An anonymous lesbian expressed why she wants to marry. Her sentiments are representative of many gays:

 

“I want to know that if I have children with my partner that they will not be taken away from their parent if I die. I also want to know that if I do die that my partner can make that [sic] decisions for a funeral as she knows I would want it. I want to know that my insurance will cover my partner who may not have the luxury of having a job that provided insurance. I also want to know that if I die my partner and children will not be ripped from our home because they are not my ‘family’. These are the rights that you ‘straits’ get from marriage. You don’t have to acknowledge me…but I do serve this country and pay my taxes just as you do, I deserve the same rights as you do, nothing more, nothing less.”

 

Does she deserve the right to marry?

 

Same-sex couples think they are entitled to the legal, financial, and social benefits of the institution of marriage. When they are denied access to the institution of marriage and its attendant benefits they cry Discrimination! just as this anonymous lesbian did. But why think they are entitled to the institution and benefits of marriage in the first place? On what grounds are they entitled to them? Is it because they are given to others? That’s not a good reason. Most governmental benefits are given to some but not others.

 

For example, the government offers welfare benefits only to those who fall below certain income thresholds. Why? Because our government has an interest in helping the poor of our society. The economic stability of the poor is necessary for the good of society. Is it discriminatory for our government to withhold welfare benefits from Tom Cruise? Yes, but the discrimination is justified because Tom does not meet the criterion. Should the criterion be changed so as to include Tom simply because he wants to be included? No, because his inclusion is unrelated to the purpose for which the benefits exist in the first place.

 

Are same-sex couples entitled to the institution and benefits of marriage because they love one another? As important as love may be, the government is not interested in promoting romantic love. (Besides, marriage neither brings nor secures love. Just ask all the cohabiting and divorced couples!) Love is unrelated to the reason our government regulates and affords benefits to those willing to enter into a marriage contract. The reason the institution of marriage has been privileged by our government is because the pairing of a man and woman is the only thing that produces what every society needs for survival: children. The only way to produce children is by the pairing of a man and woman. And because the government has a vested interest in having those children raised in a stable environment, they want to promote the long-term pairing of the man and woman who created those children. The best way to accomplish these goals is by reward those who are willing to take on the obligations and responsibilities that come along with marriage and children.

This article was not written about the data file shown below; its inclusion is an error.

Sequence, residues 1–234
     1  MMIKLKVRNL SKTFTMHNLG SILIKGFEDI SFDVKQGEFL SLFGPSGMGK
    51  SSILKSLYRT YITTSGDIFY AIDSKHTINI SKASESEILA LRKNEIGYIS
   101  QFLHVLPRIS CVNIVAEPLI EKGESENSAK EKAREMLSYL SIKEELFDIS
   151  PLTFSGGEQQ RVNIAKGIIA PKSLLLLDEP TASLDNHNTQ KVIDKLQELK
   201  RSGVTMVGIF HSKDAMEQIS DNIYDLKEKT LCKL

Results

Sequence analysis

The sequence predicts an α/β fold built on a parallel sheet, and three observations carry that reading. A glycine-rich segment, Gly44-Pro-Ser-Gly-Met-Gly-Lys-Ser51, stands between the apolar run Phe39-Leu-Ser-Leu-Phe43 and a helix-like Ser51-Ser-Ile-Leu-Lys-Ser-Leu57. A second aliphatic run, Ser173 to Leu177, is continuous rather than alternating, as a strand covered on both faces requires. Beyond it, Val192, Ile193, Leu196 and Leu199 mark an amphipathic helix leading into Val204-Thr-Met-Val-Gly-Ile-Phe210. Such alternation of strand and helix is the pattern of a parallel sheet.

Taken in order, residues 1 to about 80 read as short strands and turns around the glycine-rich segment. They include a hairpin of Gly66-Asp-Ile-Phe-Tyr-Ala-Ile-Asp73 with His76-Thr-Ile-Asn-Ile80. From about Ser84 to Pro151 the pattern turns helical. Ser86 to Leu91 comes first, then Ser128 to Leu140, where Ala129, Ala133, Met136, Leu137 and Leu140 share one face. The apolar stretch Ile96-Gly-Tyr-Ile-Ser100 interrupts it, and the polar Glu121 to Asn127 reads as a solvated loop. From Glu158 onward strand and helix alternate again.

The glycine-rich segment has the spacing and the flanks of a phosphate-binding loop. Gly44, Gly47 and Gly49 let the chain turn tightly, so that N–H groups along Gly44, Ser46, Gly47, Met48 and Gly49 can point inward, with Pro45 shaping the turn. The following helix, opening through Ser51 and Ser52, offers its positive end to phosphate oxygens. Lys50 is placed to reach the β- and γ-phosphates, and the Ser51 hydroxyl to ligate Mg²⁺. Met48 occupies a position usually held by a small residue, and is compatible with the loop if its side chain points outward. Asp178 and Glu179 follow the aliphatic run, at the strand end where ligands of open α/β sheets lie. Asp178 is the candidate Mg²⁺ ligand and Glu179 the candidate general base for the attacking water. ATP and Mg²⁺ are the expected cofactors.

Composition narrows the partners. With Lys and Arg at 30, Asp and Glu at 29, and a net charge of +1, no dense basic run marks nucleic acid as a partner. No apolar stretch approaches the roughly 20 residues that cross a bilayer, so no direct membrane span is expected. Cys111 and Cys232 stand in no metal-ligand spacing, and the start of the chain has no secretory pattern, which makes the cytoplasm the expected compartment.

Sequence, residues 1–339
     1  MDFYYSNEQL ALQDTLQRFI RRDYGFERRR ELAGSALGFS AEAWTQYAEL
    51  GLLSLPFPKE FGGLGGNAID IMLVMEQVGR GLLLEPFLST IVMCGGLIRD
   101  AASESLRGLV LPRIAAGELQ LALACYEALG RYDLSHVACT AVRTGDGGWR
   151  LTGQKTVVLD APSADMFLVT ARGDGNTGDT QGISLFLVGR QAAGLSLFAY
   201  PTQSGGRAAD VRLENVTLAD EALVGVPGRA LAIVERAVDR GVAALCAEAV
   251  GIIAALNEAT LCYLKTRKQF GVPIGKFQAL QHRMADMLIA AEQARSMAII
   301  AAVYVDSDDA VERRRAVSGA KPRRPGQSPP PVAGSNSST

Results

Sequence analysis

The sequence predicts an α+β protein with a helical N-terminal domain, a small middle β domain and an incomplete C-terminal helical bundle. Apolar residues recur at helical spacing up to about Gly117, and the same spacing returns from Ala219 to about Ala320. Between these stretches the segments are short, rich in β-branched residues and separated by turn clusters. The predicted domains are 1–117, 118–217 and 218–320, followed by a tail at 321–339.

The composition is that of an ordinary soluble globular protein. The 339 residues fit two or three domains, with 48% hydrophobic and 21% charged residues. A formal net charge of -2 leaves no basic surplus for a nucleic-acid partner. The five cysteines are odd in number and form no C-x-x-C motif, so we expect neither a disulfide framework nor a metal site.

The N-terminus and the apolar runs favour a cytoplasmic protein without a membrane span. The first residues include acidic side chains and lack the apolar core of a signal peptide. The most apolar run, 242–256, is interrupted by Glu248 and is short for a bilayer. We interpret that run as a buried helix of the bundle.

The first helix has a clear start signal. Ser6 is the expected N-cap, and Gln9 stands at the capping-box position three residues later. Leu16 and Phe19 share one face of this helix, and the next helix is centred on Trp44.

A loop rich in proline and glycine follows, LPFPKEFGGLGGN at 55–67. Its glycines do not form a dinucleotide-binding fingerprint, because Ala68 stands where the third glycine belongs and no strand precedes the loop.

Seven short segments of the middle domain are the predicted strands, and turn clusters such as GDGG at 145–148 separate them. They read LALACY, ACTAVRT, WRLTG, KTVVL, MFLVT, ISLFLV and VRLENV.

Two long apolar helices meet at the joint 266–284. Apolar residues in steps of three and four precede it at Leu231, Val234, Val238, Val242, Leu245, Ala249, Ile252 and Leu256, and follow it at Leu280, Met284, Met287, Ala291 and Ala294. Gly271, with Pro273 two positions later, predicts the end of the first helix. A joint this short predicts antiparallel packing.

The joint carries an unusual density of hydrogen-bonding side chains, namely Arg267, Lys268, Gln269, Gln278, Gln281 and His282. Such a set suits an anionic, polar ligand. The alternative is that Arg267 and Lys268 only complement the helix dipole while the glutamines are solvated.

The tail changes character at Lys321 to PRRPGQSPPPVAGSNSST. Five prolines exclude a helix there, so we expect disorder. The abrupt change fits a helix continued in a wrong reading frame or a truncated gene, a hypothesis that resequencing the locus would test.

Given the reason our government privileges marriage, why should the institution of marriage be opened up to include same-sex couples, and how is it that they qualify for the benefits of marriage? Do homosexual couples fulfill the purpose of marriage? Do they have anything to offer society that society could not obtain from them if their relationships are not recognized by the government? No. Then society is justified in denying them access to the benefits and institution of marriage, in the same way we are justified in barring Tom Cruise access to welfare benefits.

 

The demand of same-sex couples to have their relationships recognized as marriage on the grounds that they love one another is tantamount to my demand that the government pay for my education because I have blonde hair. The color of my hair is unrelated to their subsidizing of my education. In the same way, the love homosexual couples have for one another is unrelated to the purpose of marriage. Benefits are given to those who deserve them; to those who fulfill the purpose for which the benefits exist in the first place. So long as homosexuals are unable to produce children without the help of the opposite sex, society has no reason to privilege their relationships the way they do heterosexual relationships. It’s simply good social policy.

 

That leads me to what I want to talk about: New Jersey’s Supreme Court ruling on same-sex marriage. I will create a separate post for this.

 

P.S. The rights Ms. Anonymous wants can be secured through legal means wholly apart from marriage.